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Friday September 30th

'Unstoppable, unshakable': UNC Pleiades wins first-ever national Ultimate Frisbee title

Pleiades, UNC women's club frisbee, poses with their trophy after a recent national victory. Photo courtesy of Brian Whittier.
Buy Photos Pleiades, UNC women's club frisbee, poses with their trophy after a recent national victory. Photo courtesy of Brian Whittier.

Around 7 a.m. on Dec. 17, two 16-passenger vans rolled up to the frosty Ultimate Frisbee fields in Norco, California. In one of the vans, sophomore Milena Jojic queued up the song “Champion” by Carrie Underwood.

“I am invincible, unbreakable, unstoppable, unshakeable,” chorused throughout the vehicle.

That time the song played, on the first day of the USA Ultimate College Championships, no one in the van sang along. But by the Pleiades’ final game at nationals, their reaction to it had transformed.

The Pleiades, UNC’s women’s club Ultimate Frisbee team, comprises 34 players, only 10 of whom played the sport prior to joining the team. The rest are just fast runners and high jumpers who likely stumbled upon the team’s booth at Fall Fest.

“The vast majority of players on this team had had no ultimate experience before they came onto the team,” Bridget Mizener, a 2020 UNC graduate, said. “That speaks to the coaches and the way that they develop the program.”

With the help of 2018 USA Ultimate Head Coach of the Year Jessi Jones — as well as Pleiades alumnae and UNC Darkside, the men's Ultimate Frisbee club team — rookies and veterans alike convene at Finley Fields four times a week to practice.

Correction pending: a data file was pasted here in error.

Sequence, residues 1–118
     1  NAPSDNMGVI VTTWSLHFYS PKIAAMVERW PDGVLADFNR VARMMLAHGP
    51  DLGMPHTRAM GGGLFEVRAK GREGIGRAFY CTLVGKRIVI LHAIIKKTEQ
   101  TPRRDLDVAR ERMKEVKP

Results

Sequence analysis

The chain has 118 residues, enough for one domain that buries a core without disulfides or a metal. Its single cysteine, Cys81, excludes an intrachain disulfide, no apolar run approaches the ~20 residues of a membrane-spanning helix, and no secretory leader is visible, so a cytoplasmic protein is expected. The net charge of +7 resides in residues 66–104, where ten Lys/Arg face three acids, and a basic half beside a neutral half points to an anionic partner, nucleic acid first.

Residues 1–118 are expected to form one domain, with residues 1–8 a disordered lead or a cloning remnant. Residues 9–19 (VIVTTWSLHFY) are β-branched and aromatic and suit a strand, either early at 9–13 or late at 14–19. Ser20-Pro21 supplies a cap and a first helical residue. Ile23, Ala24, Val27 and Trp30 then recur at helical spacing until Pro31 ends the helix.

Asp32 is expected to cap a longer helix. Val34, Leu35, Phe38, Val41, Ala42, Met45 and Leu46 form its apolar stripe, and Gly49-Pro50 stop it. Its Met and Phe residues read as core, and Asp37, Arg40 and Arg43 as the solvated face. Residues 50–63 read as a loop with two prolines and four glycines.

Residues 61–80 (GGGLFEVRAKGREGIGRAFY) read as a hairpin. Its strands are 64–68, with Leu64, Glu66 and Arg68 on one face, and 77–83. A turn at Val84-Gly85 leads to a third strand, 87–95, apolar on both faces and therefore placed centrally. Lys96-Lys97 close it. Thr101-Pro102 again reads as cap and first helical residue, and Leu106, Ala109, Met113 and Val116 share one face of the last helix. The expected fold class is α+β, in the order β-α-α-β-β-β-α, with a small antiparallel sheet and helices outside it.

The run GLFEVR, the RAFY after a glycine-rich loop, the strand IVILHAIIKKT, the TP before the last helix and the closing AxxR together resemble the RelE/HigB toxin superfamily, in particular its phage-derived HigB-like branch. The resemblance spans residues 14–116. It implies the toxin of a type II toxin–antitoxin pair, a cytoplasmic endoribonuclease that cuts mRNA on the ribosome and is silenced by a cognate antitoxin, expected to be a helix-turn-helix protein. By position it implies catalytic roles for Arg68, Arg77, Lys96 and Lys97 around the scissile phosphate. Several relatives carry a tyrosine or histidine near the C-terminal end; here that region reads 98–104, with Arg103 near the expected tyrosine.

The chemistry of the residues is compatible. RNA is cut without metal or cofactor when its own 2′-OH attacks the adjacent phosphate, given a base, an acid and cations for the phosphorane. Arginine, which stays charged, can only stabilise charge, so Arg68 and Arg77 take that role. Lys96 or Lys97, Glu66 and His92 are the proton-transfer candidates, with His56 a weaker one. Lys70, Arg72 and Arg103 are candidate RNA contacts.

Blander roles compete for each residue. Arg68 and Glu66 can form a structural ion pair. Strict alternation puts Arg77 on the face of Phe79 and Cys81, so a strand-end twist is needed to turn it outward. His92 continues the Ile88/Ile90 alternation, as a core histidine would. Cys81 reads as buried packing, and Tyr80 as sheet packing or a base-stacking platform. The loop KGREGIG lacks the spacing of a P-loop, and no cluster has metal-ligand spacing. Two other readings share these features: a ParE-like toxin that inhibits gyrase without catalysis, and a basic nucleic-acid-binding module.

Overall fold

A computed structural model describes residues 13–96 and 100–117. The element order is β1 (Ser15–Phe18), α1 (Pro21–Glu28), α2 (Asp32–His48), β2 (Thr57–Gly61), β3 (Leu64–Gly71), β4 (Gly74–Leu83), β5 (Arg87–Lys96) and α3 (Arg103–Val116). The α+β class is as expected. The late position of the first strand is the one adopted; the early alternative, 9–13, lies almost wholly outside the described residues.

Leading up to national competition, the Pleiades posted a promising 16-1 record in the fall. Despite an abbreviated season and 2021 nationals set to happen in December rather than the spring, their hopes for a first title were high — but it wasn't always that way.

The team missed nationals in 2016, were knocked out in the semifinal round in 2019 and the competition was canceled in 2020.

“We haven't been able to have college nationals in so long,” senior Dawn Culton said. “Trying to motivate the team throughout the whole year and show them why they're working so hard is difficult to convey to people who haven't been there before.”

Although not a crowd favorite to begin with, the spirit captains queued "Champion" before every contest in California. The Pleiades remained true to the lyrics and pushed through pool play, topping Ohio, Western Washington, UC Davis and Georgia to earn a No. 2 seed in the college championship bracket.

In the quarterfinals and semis, UNC breezed past West Coast powerhouses University of California San Diego and University of California, Santa Barbara, both by eight-point margins. After the two victories, the team went against the 2012 national champions, the University of Washington Element.

“This is sort of a banner year,” Mizener said. “Watch out, Seattle. Watch out, California. North Carolina is coming for the throne.”

Stakes were higher than ever for the Pleiades as they caught a glimpse of the ESPNU reporters broadcasting the game from the press box.

After singing along to their hype song one last time, the team got its nose out early, scoring eight points before UW could buy its third. When the Element called a timeout to regain focus, the Pleiades did anything but.

“They started playing the song ‘Build Me Up Buttercup,’” graduate student Alex Barnett said. “And instead of giving us a hype speech, our coach just said to sit back and take it in. We all started singing the song and we were just soaking up the moment.”

The packed sideline anxiously inched towards the field as Culton passed the team’s 15th and final point. Then at the ref’s signal, the champions stormed onto the green into a cathartic dogpile.

The Pleiades program won its first national title just hours after Darkside won theirs. Together, the teams set another record — for the first time in 31 years, the same school won both the men’s and women’s championships.

After the players were adorned with hardware around their necks, the team loudspeaker was brought over to their giddy circle. And by then, "Champion" was music to their ears.

“Unbreakable, unstoppable, unshakable,” Mizener said. “Those were probably all the lyrics that we knew.”


@dthsports |

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